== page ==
Intracanopy lighting

According to the pressure-flow concept, the sugars produced by the lower leaves through photosynthesis from reduced illumination are transferred through the phloem to where there is a lot of new growth (sink), cannabis flowers in this example. Because of the cellular respiration required to keep leaves alive, they become a sugar sink rather than a sugar supply if they fall below their compensation threshold. Use intracanopy illumination to get higher yields per square foot than would otherwise be achievable. Use SLT to increase intracanopy illumination efficiency by bringing the lower leaves closer together.

Light spectrum

Cannabis plants may use green light, and green is more photosynthetically efficient at greater illumination levels than red. This is due to the saturation of the top layer of chloroplasts holding chlorophyll, allowing green to penetrate deeper into leaf tissue (sieve effect) and be reflected around until absorbed by another chloroplast containing chlorophyll (detour effect). The fluorescence of chlorophyll can be used to evaluate this efficiency. When utilized alone, green light causes a lot of elongation. HPS grow lights emit an abundance of green, yellow or amber light. Because the two primary protein groups involved in photoperiodism control, cryptochrome and phytochrome proteins, are generally unresponsive to green light, you can utilize a green LED “safe light.” This has absolutely nothing to do with photosynthesis. Many additional proteins are involved in photoperiodism and blooming.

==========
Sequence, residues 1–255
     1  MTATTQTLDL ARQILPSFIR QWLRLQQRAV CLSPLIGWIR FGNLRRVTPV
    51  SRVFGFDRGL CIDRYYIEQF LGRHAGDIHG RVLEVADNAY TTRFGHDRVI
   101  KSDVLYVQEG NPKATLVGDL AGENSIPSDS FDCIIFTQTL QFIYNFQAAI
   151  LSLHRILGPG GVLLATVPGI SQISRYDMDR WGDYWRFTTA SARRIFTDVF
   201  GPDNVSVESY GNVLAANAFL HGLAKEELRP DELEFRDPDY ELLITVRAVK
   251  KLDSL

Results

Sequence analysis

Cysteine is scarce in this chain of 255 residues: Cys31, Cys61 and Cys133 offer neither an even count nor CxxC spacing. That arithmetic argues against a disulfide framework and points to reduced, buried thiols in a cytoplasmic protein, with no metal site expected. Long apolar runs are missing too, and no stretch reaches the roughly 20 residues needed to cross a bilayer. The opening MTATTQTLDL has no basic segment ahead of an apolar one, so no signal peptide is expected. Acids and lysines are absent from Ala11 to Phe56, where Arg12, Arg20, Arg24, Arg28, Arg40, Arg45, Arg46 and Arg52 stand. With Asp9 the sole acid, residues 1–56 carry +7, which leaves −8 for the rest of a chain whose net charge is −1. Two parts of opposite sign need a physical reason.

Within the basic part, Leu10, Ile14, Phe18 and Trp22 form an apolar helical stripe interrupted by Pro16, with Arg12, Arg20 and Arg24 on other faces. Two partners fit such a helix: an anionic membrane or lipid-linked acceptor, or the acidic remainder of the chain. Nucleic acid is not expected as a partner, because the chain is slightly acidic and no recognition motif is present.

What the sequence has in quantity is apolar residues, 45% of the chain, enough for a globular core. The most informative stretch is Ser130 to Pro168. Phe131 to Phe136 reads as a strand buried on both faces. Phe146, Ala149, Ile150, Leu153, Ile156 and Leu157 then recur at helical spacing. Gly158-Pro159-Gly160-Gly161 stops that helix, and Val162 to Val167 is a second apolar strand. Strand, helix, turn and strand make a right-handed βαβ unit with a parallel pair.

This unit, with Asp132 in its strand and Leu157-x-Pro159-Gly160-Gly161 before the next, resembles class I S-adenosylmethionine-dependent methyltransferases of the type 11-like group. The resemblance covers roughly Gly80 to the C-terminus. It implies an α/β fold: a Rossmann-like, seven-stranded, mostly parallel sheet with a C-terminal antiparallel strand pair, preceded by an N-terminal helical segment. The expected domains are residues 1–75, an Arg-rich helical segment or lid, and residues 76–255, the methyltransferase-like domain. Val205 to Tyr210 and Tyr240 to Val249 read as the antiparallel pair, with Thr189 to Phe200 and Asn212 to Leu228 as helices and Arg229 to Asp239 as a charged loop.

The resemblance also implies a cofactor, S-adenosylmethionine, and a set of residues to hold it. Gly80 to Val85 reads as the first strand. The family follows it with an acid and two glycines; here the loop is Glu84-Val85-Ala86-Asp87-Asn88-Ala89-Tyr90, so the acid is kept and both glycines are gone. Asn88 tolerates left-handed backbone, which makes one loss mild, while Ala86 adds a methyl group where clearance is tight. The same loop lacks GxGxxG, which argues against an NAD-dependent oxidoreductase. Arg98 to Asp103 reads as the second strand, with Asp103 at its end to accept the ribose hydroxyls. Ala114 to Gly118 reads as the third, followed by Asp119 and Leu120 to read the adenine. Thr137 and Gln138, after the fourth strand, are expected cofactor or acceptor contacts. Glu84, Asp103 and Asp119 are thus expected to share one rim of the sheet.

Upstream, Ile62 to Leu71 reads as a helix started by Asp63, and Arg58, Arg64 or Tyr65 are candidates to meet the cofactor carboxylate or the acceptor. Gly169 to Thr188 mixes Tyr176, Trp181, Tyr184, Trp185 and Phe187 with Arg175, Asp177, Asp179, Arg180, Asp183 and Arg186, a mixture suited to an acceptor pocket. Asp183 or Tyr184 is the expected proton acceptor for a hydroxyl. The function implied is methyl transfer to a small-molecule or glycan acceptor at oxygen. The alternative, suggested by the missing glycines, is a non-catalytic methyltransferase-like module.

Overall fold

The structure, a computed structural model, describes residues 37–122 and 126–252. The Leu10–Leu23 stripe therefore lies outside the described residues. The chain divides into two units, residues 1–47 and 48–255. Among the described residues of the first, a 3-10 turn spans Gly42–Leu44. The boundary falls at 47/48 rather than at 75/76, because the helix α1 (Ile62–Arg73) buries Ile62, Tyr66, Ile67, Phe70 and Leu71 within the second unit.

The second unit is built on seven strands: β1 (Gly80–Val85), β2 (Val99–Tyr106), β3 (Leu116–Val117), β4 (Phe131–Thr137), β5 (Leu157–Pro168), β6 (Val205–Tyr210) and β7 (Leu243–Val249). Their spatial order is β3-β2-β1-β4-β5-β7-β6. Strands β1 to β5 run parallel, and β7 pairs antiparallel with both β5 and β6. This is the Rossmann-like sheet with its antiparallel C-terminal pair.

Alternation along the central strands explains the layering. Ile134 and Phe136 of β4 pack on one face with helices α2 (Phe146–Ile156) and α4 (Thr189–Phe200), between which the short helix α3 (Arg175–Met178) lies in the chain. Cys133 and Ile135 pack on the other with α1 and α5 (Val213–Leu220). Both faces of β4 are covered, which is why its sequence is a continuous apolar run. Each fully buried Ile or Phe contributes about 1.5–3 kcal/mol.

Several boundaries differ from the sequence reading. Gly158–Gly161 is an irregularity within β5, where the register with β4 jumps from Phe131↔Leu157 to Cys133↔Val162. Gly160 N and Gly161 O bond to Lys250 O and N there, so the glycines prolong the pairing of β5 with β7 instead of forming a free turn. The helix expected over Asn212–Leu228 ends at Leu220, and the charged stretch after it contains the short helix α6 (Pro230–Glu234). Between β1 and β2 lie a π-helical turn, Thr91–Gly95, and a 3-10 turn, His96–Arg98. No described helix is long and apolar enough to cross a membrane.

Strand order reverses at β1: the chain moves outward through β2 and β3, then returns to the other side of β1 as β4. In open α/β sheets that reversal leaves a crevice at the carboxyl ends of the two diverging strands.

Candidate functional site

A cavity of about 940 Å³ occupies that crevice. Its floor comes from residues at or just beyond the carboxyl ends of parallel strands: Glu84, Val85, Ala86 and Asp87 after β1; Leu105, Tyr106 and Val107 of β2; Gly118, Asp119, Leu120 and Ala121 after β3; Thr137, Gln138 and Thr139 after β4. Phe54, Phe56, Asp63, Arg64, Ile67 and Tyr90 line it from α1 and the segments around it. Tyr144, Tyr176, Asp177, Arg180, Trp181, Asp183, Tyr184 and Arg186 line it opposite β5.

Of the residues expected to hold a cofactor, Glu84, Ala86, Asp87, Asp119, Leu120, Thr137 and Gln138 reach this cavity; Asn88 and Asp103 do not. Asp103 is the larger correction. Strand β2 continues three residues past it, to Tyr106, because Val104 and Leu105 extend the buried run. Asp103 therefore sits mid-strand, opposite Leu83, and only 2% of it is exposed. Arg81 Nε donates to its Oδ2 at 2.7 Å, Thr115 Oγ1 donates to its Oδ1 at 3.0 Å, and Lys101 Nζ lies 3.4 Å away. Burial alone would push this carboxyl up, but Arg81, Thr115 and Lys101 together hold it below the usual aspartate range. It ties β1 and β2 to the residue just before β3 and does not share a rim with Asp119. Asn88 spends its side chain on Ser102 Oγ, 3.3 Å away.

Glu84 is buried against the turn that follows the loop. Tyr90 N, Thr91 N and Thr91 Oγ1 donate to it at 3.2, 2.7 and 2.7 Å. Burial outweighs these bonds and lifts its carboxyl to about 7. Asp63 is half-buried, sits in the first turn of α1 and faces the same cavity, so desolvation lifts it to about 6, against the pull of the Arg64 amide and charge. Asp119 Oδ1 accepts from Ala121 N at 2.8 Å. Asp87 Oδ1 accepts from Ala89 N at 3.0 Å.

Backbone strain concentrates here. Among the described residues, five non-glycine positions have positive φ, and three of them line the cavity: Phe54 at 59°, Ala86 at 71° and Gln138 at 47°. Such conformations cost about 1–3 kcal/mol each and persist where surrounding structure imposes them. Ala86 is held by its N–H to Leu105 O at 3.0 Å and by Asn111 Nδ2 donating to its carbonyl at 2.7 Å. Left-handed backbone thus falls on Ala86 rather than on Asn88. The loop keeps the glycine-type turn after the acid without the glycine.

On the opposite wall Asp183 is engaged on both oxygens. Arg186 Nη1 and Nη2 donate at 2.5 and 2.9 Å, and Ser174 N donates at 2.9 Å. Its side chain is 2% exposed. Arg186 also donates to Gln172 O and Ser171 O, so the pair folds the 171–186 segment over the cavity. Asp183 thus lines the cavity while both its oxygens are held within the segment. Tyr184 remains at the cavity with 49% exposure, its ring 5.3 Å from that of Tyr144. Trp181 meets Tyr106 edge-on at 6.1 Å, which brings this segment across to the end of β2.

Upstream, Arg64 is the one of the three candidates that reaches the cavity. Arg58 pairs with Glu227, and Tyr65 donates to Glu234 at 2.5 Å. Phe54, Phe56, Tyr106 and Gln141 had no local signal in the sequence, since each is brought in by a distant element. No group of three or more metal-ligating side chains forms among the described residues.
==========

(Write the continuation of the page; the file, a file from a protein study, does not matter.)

Why should you use a blue light?

In most skilled cultivators’ experience, the bottom underside blue light on the stem helps most plants stay compact. It is resisting the effects of gravitropism, or a plant’s inclination to grow upwards. The same hormone, auxin, controls both of these phenomena (gravity and blue light impacts).

Utilizing a cheap lux meter as a plant light meter

To evaluate the light intensity, you should use a light meter. Light intensity has a significant impact on photosynthetic rates. The rate of photosynthesis is the most important factor influencing your harvests. To a certain extent, greater light equals more yield. A light meter just determines the amount of light, not the spectrum. This is close to the values we desire with an inexpensive lux light meter at the top of the plant canopy level for everything except LED grow lights:

Using a lux meter to analyze light requirements

  • 15000-20000 lux: this is the lower end of what you desire for vegetation growth.
  • You want to aim for 35000-40000 lux for blooming.
  • 75000 lux or so: Going above this degree of light intensity and saturation is unnecessary.

This information is used to establish how far away the light source should be from the cannabis plant. You should not just aim to bring the plant as near the light as possible without burning it. There are much too many different types of lighting, as well as far too many other factors, to apply that as a general guideline. For instance, blowing air on the light and cannabis plant will allow us to bring the plant closer to the light without burning it, but we may exceed the 75000 lux limit in the process. Because you’re now overloading the plant, that’s just a waste of energy. Choose the 35000-40000 lux level for the greatest yields per lighting level. You do not utilize this information to decide the type of light you use.

If in doubt, consider 75 as a near enough conversion figure. This implies that for veg development with a white light source, you should aim for at least 15000-20000 lux (approximately 200-250uMol). For blooming, you should aim for 35000-40000 lux (about 500uMol), and they do not exceed the line for blooming is suitable for around 75000 lux (about 1000uMol which is the photosynthesis saturation point).